Review by Finalark
"Over as soon as it really starts"
Luigi's Mansion came out years ago when the gamecube was still considered new, and when it was still okay to have a 3D game without Voice Acting, or rather just giber-jaber as apposed to actual voices. But is this game still the "masterpiece" it was then? Not really....
Luigi's Mansion, like all of the other Mario games, doesn't focus on story. In a nutshell, Luigi wins a mansion in a contest that he didn't enter. Now, if Luigi had any sense he'd just trash the E-mail/letter/ect. like everyone else. But because he's a video game character and isn't allowed to have more common sense than a brain-dead monkey and goes and checks out the mansion. It turns out that it's haunted and he has to use a vacuum given to him by a crazy professor who probably stole his Doctorate to rid it of it's ghosts (I think Ghost Busters is going sue someone!). Oh, and because it's a Mario game SOMEONE has to get kidnapped, and Mario is the unlucky subject of Nintendo's wrath and is trapped within a painting. Sucks to be him. Now Luigi also has to save is brother.
As far as game play goes, you go into a room, you suck up every last ghost like Kirby after a 5-year diet and then (sometimes) capture the Portrait Ghost of the room. Rinse, wash, repeat. Other than that, there's not much else. Well, there are a bunch of coins and gems and such that you can collect, but it's not like you ever spend it on anything so it's kind of pointless... Oh, there's also a side quest (kind of) where you have to go around capturing Boos which is just like capturing every other kind of ghost only these guys can go through walls and are more resistant to the vacuum. This "going through walls" thing keeps the Boo hunting exiting... until you hit the basement where's there's three really small rooms really close to each other that you have to case the damned Boos through... yeah, that part was 'fun.' You also get an occasonal boss, which is basically just like capturing any other kind of ghost only this one hits harder and takes a lot more to grab. Speaking of hitting hard, you hit points don't ever regenerate in this game, and finding hearts can be a real pain in because most of the time all of the cabinets, beds and other furniture only hold useless money, making hearts far and few in between. At about half-way you start to get elements, fire, water and ice (when did ice become an element?). Elements have to be used on certain kinds of ghosts, usually bosses. But this doesn't make a very big over-all impact on the game as a whole. Another thing worth mentioning is the Gameboy Horror (or was it Gameboo?). This handy little device is good for.... um.... showing you the map and not much else.... yes, when using this you go into first person which is only really useful once or (maybe) twice in the entire game. While in first person mode you can examine objects, but this doesn't prove very helpful. Most of Luigi's Comments on the Mansion's interior are boring and repetitive, but you can examine the ghost's hearts which gives you hints to how to beat the boss (or start the battle) if you're too lazy to do this game's equivalent to rubbing every item you have on every last part of the room... that is blowing and/or sucking everything with you vacuum.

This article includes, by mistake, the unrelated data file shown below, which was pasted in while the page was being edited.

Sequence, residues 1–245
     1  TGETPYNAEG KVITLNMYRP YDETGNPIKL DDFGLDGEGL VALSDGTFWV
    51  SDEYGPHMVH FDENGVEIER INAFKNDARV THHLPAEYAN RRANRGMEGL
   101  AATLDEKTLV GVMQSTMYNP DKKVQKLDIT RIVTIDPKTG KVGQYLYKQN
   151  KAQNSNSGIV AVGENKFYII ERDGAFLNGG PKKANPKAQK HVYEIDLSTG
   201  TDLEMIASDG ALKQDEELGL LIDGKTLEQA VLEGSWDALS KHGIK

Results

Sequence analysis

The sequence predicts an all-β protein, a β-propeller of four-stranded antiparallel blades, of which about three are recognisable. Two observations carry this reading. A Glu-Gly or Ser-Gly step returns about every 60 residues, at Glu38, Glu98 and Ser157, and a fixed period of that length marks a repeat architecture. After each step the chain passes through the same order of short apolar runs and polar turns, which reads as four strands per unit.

The on problem I had with Luigi's Mansion is that it was just too short, just as I was starting to really get into it I ran into the problem of there having no more floors. As my friend once said, "It's like you're eating a muffin, then half-way through, no more muffin!" Which is a real shame because it could have been a great game if they had only put in just one more floor.... oh well. To bad D.L.C was unheard of then.
In the end, Luigi's Mansion is a fun little game that wroth picking up if you can find a used copy for cheep. Although the Boo catching can get somewhat annoying and the Gameboy (boo?) horror could have been more useful it's still an amusing game that's worth checking out.
Reviewer's Rating: 3.5 - Good
Originally Posted: 10/01/08
Game Release: Luigi's Mansion (US, 11/17/01)
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